Tucked into the center of town behind the Fishermen’s Daughter, a local restaurant shaped like a boat, sits a grid of raised garden beds called the Hoonah Healing Community Garden. These beds are free for community members to use. Exploding out of the bed that Ted has cared for over the past two years stands impressive snap pea bushes laden with pods. This season, Ted has been bringing fresh produce home to feed his family. His mother, Elleana Elliot, is beaming about it.
“I made jojos the other day from his potatoes! I invited his grandpa down and fed the whole house. We have a family dinner gathering every Sunday and different houses come down and its tradition. Ted has been bringing fresh greens to those Sunday dinners,” Elleana said with excitement.
Located on Chichagof Island, Hoonah is an isolated Tlingit community that is home to roughly 750 year round residents. Like all Southeast Alaskan communities, the great majority of store-bought food travels at a snail’s pace from the lower 48 by barge. Serving quality, fresh produce for family dinner is both challenging and expensive. Residents who aren’t afraid of getting their hands dirty, however, see this challenge as an opportunity to learn how to grow more locally.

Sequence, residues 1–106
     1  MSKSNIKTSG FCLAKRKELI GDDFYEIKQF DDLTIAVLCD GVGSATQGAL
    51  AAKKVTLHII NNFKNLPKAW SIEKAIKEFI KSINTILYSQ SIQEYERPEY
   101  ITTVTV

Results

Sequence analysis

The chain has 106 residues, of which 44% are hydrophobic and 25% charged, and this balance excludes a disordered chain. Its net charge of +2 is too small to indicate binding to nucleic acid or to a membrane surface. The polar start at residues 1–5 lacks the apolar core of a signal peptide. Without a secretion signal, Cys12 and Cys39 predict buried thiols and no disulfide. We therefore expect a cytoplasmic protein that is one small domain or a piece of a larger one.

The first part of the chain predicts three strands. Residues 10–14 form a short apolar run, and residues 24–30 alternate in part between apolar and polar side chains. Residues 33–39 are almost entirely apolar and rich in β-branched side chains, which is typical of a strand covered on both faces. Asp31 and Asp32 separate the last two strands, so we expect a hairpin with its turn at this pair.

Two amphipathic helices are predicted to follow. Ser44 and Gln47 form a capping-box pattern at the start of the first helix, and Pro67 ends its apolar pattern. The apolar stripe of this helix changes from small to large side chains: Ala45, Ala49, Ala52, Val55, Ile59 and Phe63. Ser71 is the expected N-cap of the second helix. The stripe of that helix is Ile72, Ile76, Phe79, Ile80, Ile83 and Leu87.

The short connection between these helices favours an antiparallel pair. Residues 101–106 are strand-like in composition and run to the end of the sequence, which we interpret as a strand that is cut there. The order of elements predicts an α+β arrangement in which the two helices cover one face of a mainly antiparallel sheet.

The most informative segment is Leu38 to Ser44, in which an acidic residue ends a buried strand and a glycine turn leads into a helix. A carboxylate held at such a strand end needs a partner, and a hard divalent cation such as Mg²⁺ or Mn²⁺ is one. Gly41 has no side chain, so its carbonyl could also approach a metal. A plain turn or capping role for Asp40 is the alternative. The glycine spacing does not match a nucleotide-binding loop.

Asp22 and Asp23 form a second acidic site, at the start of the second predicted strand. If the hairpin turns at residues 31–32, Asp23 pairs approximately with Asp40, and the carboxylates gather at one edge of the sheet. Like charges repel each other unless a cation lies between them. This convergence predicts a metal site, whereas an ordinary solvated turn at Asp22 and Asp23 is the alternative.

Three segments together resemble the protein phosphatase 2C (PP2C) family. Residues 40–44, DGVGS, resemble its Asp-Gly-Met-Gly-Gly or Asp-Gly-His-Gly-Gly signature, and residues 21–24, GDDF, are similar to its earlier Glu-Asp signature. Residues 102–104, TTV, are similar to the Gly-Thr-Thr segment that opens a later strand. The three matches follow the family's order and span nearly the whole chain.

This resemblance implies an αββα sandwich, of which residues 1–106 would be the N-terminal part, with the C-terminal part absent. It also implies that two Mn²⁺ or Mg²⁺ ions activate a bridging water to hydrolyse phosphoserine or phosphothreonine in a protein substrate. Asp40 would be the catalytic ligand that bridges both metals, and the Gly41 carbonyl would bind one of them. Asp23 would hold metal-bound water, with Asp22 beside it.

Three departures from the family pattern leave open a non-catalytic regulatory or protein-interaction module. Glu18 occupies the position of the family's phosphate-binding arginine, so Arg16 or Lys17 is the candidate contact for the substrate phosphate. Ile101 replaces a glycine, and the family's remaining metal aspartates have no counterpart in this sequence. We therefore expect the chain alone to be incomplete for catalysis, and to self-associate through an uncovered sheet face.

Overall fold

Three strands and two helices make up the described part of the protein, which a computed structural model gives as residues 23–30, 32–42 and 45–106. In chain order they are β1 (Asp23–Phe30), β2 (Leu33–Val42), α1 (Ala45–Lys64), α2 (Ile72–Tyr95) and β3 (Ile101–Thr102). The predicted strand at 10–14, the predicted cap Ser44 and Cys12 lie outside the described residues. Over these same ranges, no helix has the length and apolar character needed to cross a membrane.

“At first it wasn’t like this, the way we ate. It was more store bought carrots, more store bought potatoes, store bought snap peas which my mom don’t like that much,” Ted explained. “With gardening, we save a little bit of money and it’s tastier.”
And Ted’s green thumb isn’t just caring for one single raised bed.
“This is Moby,” Ted said as he marched into a small, bright, wooden structure beside the community garden. “Moby is a great and wonderful greenhouse on wheels.”
Moby the Mobile Greenhouse is a project by the Southeast Alaska Watershed Coalition and the Sustainable Southeast Partnership to kickstart greenhouse growing in rural Alaska. The structure was designed by students at the University of Alaska Southeast and built using local lumber by Juneau-Douglas High students. Moby comes equipped with raised beds and classroom curriculum.
When Moby first came to town in April, Hoonah teacher Melissa Thaalesen used the greenhouse as a tool to teach nutrition and healthy eating. Moby also provided starts for 12 community members looking to jumpstart garden growing. With the help of those seedlings, growers in the Healing Garden celebrated the lushest and most successful growing year since the community beds were raised in 2012. When school ended, Hoonah moved Moby to the Community Garden where volunteers, like Ted and his mother Elleana, began caring for it.